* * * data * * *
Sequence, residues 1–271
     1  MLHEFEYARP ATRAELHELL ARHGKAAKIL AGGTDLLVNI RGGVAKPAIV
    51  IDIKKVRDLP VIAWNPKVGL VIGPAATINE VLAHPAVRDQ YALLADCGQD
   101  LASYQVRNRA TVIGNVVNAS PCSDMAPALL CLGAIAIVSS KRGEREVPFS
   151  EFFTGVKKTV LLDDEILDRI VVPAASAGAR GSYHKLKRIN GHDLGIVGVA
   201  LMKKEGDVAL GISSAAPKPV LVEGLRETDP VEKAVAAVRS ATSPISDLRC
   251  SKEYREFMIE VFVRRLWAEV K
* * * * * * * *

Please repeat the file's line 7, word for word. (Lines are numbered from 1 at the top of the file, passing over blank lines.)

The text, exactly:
   251  SKEYREFMIE VFVRRLWAEV K